*Note: Some of the documents I’ve read state that if Type 2 and Type 3 tags are configured to be writable, you can only write to them once, other documents suggest that you can overwrite the data in them many times.
- H. Reisgies, Need to catch up fast: What is Near Field Communication (NFC)?, Sequent. (2015). http://www.sequent.com/what-is-near-field-communication-nfc/ (accessed September 10, 2015).
- NFC Forum, Identifying NFC, NFC Forum. (2015). http://nfc-forum.org/what-is-nfc/identifying-nfc/ (accessed September 10, 2015).
- Objecs LLC., RosettaStone Microchip | The Leader in Monument Technology, RosettaStoneMicrochip. (2015). http://www.rosettastonemicrochip.com/ (accessed September 10, 2015).
- M. Pinola, What Is NFC and How Can I Use It?, Lifehacker. (2012). http://lifehacker.com/5943006/what-is-nfc-and-how-can-i-use-it (accessed September 10, 2015).
- M. Egan, How to use NFC on your smartphone to do useful things, PC Advis. (2015). http://www.pcadvisor.co.uk/how-to/mobile-phone/what-is-nfc-how-nfc-works-what-it-does-3472879/ (accessed September 10, 2015).
- NFC World+, List of NFC phones, NFC World. (2015). http://www.nfcworld.com/nfc-phones-list/ (accessed September 10, 2015).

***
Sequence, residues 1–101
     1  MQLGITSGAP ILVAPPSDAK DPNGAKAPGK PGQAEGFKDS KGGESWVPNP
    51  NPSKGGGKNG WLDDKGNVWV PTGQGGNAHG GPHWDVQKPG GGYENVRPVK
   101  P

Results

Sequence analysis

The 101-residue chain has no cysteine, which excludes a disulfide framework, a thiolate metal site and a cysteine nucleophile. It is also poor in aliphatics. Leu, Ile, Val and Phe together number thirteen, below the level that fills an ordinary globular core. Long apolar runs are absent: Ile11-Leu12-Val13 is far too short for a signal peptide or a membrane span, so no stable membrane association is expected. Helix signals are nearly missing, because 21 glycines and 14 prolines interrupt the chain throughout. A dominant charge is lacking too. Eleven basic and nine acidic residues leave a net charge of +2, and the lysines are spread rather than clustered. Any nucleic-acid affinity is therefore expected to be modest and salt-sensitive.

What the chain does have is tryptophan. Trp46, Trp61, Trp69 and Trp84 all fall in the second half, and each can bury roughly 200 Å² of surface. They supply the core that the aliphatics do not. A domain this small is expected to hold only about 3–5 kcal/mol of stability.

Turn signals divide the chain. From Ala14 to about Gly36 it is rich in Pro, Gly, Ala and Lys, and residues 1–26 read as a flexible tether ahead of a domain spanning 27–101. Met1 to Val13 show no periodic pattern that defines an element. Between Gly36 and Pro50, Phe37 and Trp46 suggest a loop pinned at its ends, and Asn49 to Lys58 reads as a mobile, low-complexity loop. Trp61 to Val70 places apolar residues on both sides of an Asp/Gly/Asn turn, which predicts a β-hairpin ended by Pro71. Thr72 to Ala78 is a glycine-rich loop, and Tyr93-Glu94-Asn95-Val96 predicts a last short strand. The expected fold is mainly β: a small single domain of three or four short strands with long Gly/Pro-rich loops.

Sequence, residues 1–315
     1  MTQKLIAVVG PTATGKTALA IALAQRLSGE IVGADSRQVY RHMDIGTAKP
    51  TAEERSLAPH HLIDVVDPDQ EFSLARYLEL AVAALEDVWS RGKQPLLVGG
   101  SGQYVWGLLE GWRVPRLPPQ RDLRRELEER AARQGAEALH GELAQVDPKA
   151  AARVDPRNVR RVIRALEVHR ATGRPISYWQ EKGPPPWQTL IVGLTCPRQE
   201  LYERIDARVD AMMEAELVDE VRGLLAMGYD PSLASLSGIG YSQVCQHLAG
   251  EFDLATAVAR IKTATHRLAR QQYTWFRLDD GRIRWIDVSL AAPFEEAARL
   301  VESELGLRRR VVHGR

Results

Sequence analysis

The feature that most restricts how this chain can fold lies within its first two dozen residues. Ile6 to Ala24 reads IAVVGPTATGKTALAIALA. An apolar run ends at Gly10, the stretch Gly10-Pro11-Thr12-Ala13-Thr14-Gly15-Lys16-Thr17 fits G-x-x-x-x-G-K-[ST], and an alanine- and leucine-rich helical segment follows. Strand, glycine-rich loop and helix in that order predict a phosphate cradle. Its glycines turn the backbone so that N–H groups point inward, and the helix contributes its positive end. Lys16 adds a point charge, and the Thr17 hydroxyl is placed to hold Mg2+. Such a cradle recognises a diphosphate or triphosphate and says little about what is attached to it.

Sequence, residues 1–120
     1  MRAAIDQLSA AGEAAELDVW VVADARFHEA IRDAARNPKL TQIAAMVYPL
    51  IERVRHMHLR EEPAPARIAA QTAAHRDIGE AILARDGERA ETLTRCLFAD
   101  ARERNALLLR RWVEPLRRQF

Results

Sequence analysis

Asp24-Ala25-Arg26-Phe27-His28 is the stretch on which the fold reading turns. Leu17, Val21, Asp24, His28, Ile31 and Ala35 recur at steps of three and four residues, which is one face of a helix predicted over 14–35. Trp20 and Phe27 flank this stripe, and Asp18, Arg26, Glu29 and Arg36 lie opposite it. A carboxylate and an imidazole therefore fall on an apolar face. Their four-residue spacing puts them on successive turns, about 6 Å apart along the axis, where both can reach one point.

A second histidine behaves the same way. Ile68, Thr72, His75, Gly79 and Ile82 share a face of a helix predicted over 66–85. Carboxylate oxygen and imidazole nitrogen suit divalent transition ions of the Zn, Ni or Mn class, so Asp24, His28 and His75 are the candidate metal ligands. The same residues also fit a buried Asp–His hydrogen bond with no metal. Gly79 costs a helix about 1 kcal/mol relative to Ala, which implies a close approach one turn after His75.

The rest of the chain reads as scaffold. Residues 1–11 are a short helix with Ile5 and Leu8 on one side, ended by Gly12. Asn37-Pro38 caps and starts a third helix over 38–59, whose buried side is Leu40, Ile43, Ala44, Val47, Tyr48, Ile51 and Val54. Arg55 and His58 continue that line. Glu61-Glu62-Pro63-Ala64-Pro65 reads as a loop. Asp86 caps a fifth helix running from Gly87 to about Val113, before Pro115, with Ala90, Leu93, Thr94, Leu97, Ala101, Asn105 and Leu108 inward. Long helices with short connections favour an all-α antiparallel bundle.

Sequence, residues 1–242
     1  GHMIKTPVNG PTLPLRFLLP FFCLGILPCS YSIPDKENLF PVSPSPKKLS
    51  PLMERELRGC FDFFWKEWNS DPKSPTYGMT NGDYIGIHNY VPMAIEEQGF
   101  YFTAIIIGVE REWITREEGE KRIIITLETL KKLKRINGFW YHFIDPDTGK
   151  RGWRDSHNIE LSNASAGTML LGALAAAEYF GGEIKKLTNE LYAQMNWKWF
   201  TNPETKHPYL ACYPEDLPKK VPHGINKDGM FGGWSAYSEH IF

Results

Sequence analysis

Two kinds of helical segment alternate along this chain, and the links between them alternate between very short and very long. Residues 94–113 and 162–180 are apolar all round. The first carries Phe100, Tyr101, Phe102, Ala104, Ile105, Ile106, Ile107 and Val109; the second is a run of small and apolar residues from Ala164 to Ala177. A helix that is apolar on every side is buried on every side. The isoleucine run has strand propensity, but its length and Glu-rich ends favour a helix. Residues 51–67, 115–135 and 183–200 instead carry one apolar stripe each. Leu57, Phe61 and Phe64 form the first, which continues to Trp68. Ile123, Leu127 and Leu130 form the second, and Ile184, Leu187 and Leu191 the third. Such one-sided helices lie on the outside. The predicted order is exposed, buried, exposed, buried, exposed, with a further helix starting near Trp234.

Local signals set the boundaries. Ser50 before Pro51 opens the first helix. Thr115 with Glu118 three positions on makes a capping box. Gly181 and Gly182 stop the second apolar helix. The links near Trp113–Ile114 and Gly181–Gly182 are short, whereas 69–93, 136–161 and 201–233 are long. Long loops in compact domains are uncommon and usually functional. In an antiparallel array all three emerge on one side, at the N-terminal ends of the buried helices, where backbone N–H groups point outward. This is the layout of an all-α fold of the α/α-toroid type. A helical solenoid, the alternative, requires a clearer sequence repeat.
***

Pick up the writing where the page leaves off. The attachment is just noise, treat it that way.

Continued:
- NFC Admi, ISO 14443, ISO 18092, Type-A, Type-B, Type-F, Felica, Calypso NFCIP, NFC … – HELP!, Field Commun. Mob. Technol. (2015). http://www.nfc.cc/2009/01/03/iso-14443-iso-18092-type-a-type-b-type-f-felica-calypso-nfcip-nfc-help/ (accessed September 3, 2015).
- B. Jiang, NFC vs ISO14443 vs Felica, (2006). http://www.nfc.cc/wp-content/uploads/2009/01/Philips-NFC-vs-ISO14443-vs-Felica-SLIDES.pdf (accessed September 10, 2015).
- Inside Secure, The Open NFC Project | The reference Open Source NFC software stack., Open NFC. (2015). http://open-nfc.org/wp/ (accessed September 11, 2015).
- R.J. Nelson, Here’s why I implanted an NFC chip in my hand, Connectedly. (2014). http://www.connectedly.com/why-i-implanted-nfc-chip-hand (accessed September 11, 2015).
- A. Graafstra, Dangerous Things, Danger. Things. (2015). https://dangerousthings.com/ (accessed September 11, 2015).
- yamdankee, Automate Your Life With Your NFC Capable Smartphone – Part I, CR4. (2012). http://cr4.globalspec.com/blogentry/19906/Automate-Your-Life-With-Your-NFC-Capable-Smartphone-Part-I (accessed September 12, 2015).
John Joyce is a laboratory informatics specialist based in Richmond, VA. He may be reached at editor@ScientificComputing.com.